Religious Studies in Atlantic Canada: A State-Of-The-Art Review

By Paul W. R. Bowlby; Tom Faulkner | Go to book overview

6
Conclusion

What would an education for world citizenship look like in a modern university curriculum? This education must be a multicultural education, by which I mean one that acquaints students with some fundamentals about the histories and cultures of many different groups. These should include the major religious and cultural groups of each part of the world and also ethnic and racial, social and sexual minorities within their own nation. Language learning, history, religious studies, and philosophy all play a role in pursuing these ideas.

Martha C. Nussbaum

As I began writing the conclusion to this review of religious studies in Atlantic Canada, I received a call from Dr. Randi Warne, currently the sole member of the Department of Religious Studies at Mount Saint Vincent University. She told me that the Committee on Academic Policy and Planning (CAPP) at Mount Saint Vincent had issued its report on the future of academic programs in the university. The report recommends that the religious studies department be closed and Dr. Warne be transferred either to women's studies or to another department. 1 A major in religious studies could be preserved but only as a coordinated program. There are many battles yet to be fought at Mount Saint Vincent before the plan, or some modified version of it, is made official policy. Once again a religious studies department at one of our Atlantic universities is at risk.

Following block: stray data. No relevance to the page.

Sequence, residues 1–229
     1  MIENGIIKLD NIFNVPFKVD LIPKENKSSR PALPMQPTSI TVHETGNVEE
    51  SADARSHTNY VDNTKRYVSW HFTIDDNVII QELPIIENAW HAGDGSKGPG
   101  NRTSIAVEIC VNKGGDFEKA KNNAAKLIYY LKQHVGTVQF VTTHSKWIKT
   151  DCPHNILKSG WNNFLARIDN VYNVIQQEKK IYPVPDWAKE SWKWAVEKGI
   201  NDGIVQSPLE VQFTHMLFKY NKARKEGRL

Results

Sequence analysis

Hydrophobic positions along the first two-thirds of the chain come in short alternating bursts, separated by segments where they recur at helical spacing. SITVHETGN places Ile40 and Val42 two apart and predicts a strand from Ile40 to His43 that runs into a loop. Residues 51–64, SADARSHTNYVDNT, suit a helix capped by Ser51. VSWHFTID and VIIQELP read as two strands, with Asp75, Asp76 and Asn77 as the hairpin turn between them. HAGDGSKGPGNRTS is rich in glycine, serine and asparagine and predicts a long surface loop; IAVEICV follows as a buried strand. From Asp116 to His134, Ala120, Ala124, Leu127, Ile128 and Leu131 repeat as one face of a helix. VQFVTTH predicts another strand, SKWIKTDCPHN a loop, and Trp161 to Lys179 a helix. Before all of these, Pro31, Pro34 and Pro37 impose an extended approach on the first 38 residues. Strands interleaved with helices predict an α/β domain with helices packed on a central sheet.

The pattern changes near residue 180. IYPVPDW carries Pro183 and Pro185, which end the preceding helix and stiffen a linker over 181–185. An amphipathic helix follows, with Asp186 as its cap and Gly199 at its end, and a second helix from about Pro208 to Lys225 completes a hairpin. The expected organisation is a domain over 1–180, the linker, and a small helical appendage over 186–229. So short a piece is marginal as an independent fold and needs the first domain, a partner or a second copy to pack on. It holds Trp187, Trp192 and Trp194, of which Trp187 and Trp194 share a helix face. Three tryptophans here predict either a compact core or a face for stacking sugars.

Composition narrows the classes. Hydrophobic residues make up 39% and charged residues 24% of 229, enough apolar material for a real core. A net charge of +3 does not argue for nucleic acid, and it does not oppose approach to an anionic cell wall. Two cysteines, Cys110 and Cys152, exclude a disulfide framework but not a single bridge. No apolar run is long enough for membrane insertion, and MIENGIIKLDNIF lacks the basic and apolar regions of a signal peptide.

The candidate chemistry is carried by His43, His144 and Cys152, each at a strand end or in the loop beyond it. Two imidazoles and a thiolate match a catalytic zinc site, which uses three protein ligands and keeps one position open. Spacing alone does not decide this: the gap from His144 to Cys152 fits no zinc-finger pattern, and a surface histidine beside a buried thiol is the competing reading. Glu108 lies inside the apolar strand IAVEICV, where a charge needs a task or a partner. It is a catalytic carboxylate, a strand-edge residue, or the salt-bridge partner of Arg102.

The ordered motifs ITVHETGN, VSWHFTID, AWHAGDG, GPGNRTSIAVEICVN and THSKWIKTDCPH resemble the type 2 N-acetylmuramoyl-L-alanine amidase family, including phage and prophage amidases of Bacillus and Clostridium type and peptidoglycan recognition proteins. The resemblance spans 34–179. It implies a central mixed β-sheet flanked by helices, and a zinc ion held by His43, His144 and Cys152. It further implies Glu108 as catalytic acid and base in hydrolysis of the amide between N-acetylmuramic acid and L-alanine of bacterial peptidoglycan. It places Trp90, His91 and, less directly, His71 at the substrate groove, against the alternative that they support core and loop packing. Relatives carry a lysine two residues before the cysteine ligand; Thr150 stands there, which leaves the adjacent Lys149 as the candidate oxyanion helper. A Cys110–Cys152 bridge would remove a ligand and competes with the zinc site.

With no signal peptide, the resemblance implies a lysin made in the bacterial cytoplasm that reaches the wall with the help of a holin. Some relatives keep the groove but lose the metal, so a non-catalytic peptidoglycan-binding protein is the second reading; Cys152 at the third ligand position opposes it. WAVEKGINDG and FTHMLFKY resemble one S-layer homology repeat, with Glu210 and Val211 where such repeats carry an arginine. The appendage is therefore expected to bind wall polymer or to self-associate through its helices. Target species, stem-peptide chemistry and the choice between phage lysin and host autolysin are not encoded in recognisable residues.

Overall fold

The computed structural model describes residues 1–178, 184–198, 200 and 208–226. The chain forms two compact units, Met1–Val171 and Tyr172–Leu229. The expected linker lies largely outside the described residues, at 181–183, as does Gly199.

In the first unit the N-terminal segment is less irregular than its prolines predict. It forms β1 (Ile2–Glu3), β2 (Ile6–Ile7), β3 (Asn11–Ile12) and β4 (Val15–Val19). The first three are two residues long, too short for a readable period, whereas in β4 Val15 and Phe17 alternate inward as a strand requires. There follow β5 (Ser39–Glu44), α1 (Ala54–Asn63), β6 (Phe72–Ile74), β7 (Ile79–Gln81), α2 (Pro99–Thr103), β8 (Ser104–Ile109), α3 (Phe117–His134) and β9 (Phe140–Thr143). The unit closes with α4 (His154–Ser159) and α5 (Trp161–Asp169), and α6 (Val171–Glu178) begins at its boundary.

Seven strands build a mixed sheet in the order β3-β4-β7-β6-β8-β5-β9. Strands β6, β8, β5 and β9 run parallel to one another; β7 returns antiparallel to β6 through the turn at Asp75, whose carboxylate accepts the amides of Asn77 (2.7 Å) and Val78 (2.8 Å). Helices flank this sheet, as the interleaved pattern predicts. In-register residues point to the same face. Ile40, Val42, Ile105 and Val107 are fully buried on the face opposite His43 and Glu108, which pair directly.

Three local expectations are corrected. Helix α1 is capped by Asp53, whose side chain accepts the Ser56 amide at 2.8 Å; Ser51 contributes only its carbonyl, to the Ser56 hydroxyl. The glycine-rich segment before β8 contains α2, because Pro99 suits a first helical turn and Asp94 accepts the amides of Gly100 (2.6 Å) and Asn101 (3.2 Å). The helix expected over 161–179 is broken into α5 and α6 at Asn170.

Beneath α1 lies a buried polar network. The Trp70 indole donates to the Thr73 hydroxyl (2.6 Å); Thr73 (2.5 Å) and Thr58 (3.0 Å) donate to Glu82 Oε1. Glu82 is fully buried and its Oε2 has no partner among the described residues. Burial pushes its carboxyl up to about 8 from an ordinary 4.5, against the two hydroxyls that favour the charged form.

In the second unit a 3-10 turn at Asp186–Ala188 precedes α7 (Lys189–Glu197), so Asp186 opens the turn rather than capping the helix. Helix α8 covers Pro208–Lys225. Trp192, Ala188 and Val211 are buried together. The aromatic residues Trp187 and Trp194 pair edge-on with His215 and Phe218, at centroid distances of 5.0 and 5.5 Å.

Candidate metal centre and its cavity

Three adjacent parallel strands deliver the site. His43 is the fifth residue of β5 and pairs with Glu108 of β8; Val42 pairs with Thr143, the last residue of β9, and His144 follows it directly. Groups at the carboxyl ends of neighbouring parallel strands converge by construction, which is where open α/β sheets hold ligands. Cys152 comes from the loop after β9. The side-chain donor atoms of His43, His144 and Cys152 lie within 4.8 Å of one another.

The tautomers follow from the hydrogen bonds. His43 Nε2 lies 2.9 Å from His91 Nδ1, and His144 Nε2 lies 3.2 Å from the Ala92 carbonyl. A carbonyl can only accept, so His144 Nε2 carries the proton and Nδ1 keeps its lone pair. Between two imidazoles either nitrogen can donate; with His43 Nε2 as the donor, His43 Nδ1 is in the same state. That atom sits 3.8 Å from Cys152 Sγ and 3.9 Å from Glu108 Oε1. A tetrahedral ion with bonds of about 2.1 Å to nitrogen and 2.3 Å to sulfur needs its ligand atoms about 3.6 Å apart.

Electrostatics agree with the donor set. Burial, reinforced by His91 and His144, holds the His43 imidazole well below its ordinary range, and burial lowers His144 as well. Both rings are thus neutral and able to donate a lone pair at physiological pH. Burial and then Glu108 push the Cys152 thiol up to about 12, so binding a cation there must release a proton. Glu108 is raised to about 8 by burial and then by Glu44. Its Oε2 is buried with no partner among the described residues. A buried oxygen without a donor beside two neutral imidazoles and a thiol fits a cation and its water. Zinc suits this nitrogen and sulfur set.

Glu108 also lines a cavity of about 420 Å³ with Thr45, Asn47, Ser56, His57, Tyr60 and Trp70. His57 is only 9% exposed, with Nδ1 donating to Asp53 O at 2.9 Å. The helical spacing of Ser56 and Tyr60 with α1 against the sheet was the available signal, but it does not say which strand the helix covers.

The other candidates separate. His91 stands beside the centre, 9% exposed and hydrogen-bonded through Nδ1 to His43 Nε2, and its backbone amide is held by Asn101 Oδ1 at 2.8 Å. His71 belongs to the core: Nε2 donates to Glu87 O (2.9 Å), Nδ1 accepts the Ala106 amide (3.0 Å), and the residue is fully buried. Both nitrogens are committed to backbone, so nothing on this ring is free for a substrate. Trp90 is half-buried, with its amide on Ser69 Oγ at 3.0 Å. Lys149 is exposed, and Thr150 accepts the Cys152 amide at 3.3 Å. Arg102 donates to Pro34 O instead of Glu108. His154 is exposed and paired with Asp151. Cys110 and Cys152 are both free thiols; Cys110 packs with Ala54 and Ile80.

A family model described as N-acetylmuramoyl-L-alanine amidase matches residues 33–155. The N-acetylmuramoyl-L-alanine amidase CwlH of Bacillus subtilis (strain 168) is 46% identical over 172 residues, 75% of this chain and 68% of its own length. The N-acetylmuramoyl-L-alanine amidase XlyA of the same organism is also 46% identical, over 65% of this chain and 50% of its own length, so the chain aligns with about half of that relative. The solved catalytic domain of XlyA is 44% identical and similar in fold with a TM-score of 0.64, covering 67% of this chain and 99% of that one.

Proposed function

Dr. Warne's call reminded me that when I began the research for this review in 1994 I received a long letter from Dr. Bruce Matthews at Acadia University. His Department of Comparative Religion was to be closed on the recommendation of the Academic Planning Committee of the Faculty of Arts. While courses would remain in the curriculum, there were no battles left to fight to preservethe department at Acadia.

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